The  red blood cell production in bone marrow of these children may be in proper ratio but instead of surviving  for 120 days they die in just 20 -30 days. So no medication can cure this disorder and blood transfusion is must for the patient once every 2 – 3 weeks. Chelating the excess iron in blood is also essential which is administered through a pump attached to a needle placed under the skin. The life of the child (depends upon the quality of the treatment) can be extended up to 4 years to 25 years, By transplanting bone marrow the disease can be cured but the procedure is expensive and demands high standard treatment, and still has significant mortality (over 15%) even if the patient is previously well managed, it is possible only when 100% matched sibling donor is available and all children may not be lucky enough to get that treatment.

Scientists are investigating on promising curative treatments like Bone marrow transplantation andGene therapy to replace the thalassamia genes with normal genes. Moreover a medication calledDeferoxamine (Desferal) and a new oral form of this medication assure to noticeably improve the quality of life for victims of Thalassemia Major.

So how can it be prevented?

While selecting the life partner the couple should go for thalassamia blood testing and confirm that both of them should not have thalassemia minor.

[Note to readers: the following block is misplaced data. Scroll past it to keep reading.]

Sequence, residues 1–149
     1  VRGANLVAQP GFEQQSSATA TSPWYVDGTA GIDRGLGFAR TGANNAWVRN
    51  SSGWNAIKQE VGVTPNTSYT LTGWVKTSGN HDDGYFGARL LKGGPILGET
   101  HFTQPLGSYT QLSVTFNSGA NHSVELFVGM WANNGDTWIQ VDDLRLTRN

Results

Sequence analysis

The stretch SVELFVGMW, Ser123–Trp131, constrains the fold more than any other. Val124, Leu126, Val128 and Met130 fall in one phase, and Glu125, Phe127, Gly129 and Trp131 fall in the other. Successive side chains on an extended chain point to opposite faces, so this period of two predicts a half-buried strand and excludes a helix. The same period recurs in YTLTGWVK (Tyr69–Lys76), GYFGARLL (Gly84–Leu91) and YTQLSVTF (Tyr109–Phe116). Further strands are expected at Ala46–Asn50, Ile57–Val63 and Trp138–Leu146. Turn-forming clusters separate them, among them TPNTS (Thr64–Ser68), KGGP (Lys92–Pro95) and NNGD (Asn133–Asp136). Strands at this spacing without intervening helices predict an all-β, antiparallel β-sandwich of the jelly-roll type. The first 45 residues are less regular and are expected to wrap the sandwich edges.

The thalassamia minor couples should go for counseling which can provide information on the chances of having child with thalassemia major or minor. Antenatal diagnosis can also help to detect the disease and pregnancy can be terminated, where appropriate and recommended.  A reliable prenatal test is available to diagnose Thalassemia Major in a fetus as early as 10-12 weeks after conception. Couples who are at risk may want to consider this option. They can also opt for invitro fertilization to minimize the chances of having a baby with thalassemia. One must decide if he/she wants to take this risk in planning of one’s family.

Most of the Cyprus countries are now free from this fatal disease by following these two methods of prevention with the combination of chelation therapy. May 8th of every year is observed as International Thalassemia day. Thousands of children like Annmarie could have been spared of their ill fate if only there was more awareness and knowledge about the disease.We hope this information about the disease could raise awareness and encourage people to get tested for the trait, Let’s spread this knowledge among our family members, the society and our community, let’s assure the next generation that they would be totally free from Thalassamia. With the right kind of approach and quality of treatment, thalassemic patients can live a normal life like Annmarie.